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How to Separate Self-Tracking Entities to Their Own Class Library

, 5 Dec 2010 CPOL
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How to Separate Self-Tracking Entities to Their Own Class Library

Introduction

Last week I had a session in Teched Israel 2010 which included approaches for building N-Tier applications on top How to Separate Self-Tracking Entities to Their Own Class Libraryof Entity Framework 4 as the data access technology. During the session, I showed an example of how to use the new Self-Tracking Entities (STE) feature. In this post, I‘m going to show how easy it is to put the STE in a different class library as a jump start for using this T4 Template in N-Tier scenarios.

What is Self-Tracking Entities?

In EF4, a new feature was introduced – the Self-Tracking Entities (STE). The STE are simple entities that track their own changes instead of EF’s ObjectContext. Every entity implements the IObjectWithChangeTracker interface and has a ChangeTracker property that exposes the tracking mechanism. Using STE enables you to use EF in N-Tier scenarios and gain the ability to track changes on the client side. This of course indicates that we will need a dependency on these entities on the client side (and that we will lose interoperability). In order to do that, you will need to separate the entities from the data access layer and to put them in their own class library.

Separating Self-Tracking Entities to Their Own Class Library

You start with two empty class libraries – one for he data access layer and the second for the entities that we are going to generate:

Empty Class Libraries

First, create your Entity Framework model in the STEDAL class library. In the EF designer surface, use the Add Code Generation Item in order to pick the Self-Tracking Entities T4 Template from the T4 Template options:

Add Code Generation Item

Self-Tracking Entity Generator

Now the STEDAL will look like:

After using STE T4 template

Pay attention that you have two different tt files. The first one (SchoolModel.Context.tt) holds the context and the second one (SchoolModel.tt) holds the entities. The reason for the separation is obvious – to enable you to move the entities to their own class library.
The next step is to cut and paste the entities to the STEEntities class library. When you do that, pay attention that you will need to add a reference to System.Runtime.Serialization since the STE use WCF data contracts for serialization. Also, you will need to add a reference from the STEDAL to the STEEntities.

STE Class Library

Now we need a simple fine tuning in the T4 template itself. Open the T4 template and at the head of the template locate the following line:

string inputFile = @"SchoolModel.edmx";

This line indicates where is the location for the edmx file. You will want to change it to a relative path to the real location of the edmx file for example:

string inputFile = @"../STEDAL/SchoolModel.edmx";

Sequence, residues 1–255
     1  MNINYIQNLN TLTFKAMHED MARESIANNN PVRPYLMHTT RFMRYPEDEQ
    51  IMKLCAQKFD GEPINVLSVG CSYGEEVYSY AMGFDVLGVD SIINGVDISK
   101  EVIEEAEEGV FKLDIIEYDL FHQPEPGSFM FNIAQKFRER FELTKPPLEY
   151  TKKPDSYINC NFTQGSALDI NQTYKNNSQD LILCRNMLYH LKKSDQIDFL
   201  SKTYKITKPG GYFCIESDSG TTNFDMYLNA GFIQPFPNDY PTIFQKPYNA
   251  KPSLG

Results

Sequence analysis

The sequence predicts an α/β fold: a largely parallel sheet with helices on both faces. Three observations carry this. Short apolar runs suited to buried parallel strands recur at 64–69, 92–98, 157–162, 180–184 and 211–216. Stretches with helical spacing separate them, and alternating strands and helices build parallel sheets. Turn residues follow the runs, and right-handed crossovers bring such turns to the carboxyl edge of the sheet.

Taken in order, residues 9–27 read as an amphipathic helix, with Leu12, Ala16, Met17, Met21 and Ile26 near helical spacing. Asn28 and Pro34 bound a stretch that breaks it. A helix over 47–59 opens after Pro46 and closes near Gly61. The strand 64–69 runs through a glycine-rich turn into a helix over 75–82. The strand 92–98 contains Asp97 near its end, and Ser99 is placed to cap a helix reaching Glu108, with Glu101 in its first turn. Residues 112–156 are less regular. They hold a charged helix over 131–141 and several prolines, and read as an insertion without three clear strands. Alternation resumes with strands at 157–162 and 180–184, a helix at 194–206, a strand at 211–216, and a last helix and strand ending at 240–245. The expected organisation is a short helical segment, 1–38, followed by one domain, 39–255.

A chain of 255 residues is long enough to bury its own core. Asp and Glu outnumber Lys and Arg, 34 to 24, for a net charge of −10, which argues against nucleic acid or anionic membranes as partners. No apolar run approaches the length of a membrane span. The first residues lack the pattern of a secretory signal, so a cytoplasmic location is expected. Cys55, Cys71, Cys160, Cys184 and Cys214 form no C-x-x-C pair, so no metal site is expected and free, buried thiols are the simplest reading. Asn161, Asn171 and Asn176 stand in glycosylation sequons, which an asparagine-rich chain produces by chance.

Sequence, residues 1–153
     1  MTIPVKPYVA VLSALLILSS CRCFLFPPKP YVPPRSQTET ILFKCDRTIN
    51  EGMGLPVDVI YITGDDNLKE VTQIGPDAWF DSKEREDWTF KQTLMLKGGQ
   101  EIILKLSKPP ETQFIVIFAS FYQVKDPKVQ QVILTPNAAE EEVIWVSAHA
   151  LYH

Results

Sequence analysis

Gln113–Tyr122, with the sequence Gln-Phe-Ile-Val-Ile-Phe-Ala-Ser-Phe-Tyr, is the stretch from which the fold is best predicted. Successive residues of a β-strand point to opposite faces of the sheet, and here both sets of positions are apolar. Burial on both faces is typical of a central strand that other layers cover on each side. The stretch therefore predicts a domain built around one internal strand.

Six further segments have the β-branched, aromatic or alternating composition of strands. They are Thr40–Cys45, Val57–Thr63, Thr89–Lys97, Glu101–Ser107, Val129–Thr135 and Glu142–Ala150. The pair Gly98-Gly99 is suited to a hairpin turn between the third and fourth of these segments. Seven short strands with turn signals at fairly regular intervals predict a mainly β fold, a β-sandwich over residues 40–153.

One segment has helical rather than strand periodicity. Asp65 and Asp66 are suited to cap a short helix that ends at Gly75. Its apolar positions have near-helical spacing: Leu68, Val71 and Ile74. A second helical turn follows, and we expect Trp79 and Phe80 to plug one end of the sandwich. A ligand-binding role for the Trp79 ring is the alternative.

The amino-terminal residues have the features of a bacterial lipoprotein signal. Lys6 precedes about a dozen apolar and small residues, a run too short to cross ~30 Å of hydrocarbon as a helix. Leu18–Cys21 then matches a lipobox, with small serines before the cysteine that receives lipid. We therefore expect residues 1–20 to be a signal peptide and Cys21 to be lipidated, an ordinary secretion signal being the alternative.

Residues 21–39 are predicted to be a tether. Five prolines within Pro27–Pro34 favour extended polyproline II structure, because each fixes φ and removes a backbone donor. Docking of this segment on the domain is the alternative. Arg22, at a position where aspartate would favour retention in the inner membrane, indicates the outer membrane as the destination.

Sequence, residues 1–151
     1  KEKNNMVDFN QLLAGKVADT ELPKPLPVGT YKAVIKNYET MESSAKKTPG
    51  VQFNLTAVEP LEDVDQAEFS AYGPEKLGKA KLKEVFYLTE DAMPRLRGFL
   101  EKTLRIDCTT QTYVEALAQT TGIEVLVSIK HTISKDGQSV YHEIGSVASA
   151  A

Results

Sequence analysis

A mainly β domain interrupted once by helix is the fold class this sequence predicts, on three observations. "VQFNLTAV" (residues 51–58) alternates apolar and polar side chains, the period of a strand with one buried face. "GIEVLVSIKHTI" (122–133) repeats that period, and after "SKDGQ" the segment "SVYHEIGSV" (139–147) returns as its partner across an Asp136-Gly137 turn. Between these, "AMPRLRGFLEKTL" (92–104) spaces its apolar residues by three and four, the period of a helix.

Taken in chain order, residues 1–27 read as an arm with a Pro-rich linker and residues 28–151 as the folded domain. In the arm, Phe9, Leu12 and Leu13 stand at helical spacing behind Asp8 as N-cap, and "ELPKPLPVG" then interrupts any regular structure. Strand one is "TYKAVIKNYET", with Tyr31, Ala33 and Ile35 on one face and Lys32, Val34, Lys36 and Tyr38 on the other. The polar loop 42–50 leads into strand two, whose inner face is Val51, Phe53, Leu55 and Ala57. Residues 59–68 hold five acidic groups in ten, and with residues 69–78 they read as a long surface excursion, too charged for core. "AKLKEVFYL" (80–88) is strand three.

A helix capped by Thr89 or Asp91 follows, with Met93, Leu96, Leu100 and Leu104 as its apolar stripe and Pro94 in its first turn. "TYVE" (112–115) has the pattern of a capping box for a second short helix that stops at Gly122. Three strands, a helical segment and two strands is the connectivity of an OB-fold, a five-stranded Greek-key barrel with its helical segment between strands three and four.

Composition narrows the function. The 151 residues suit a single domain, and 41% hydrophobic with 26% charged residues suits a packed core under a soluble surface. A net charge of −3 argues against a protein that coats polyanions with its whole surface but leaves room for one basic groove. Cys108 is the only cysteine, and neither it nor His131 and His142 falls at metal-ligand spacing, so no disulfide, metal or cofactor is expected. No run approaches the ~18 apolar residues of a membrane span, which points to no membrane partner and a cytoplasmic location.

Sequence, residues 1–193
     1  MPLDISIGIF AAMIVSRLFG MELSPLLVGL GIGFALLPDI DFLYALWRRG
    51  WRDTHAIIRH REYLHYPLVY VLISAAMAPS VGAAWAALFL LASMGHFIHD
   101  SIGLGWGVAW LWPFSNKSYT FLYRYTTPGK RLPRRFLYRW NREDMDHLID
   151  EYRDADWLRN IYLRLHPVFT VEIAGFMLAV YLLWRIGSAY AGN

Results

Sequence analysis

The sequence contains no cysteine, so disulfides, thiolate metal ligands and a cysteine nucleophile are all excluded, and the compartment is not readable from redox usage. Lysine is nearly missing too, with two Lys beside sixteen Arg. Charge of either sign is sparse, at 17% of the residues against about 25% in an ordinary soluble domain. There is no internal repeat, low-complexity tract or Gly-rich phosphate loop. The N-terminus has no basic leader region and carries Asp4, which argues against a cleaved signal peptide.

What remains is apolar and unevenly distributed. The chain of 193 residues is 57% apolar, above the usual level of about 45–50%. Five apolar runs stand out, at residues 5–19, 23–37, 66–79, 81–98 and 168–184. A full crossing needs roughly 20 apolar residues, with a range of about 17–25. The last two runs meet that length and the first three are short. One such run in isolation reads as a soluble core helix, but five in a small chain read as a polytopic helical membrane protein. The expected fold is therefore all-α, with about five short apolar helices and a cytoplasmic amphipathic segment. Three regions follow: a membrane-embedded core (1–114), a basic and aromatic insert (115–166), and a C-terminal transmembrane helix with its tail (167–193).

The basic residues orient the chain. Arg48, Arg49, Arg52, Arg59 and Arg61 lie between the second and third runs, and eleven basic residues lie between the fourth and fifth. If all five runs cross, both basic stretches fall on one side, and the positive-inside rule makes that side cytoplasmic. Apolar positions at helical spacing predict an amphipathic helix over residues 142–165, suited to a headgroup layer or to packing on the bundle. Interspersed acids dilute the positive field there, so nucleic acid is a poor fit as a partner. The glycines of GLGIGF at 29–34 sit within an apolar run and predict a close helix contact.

The reason for doing that is that the STE needs the Entity Data Model in order to work properly when we do data access operations.

The last step in the process is to put the context (or the entities if you prefer the opposite) in the same namespace as the entities. This can be achieved by using the SchoolModel.Context.tt file Custom Tool Namespace property. Put the STEEntities there and you are finished:

Custom Tool Namespace

Now you can build the solution and start using the libraries.

Summary

Let's sum up, when you want to use the new Self-Tracking Entities feature, the first thing to do will be to move the entities to their own class library. The process is very simple and in this post, I showed you how to do exactly that.


License

This article, along with any associated source code and files, is licensed under The Code Project Open License (CPOL)

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About the Author

Gil Fink
Technical Lead sparXys
Israel Israel
Gil Fink is a web development expert and ASP.Net/IIS Microsoft MVP. He is the founder and owner of sparXys. He is currently consulting for various enterprises and companies, where he helps to develop Web and RIA-based solutions. He conducts lectures and workshops for individuals and enterprises who want to specialize in infrastructure and web development. He is also co-author of several Microsoft Official Courses (MOCs) and training kits, co-author of "Pro Single Page Application Development" book (Apress) and the founder of Front-End.IL Meetup. You can read his publications at his website: http://www.gilfink.net
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Comments and Discussions

 
GeneralMy vote of 5 Pinmembershady197930-Dec-12 8:20 
GeneralRe: My vote of 5 PinmemberGil Fink30-Dec-12 20:08 
GeneralMy vote of 5 PinmemberSvenVdb15-Jun-11 12:44 
Generaldoes not work PinmemberMember 10419916-Apr-11 19:35 
GeneralRe: does not work PinmemberGil Fink16-Apr-11 21:44 
GeneralRe: does not work PinmemberSvenVdb15-Jun-11 12:45 
GeneralRe: does not work PinmemberMopthe7-Aug-12 4:05 

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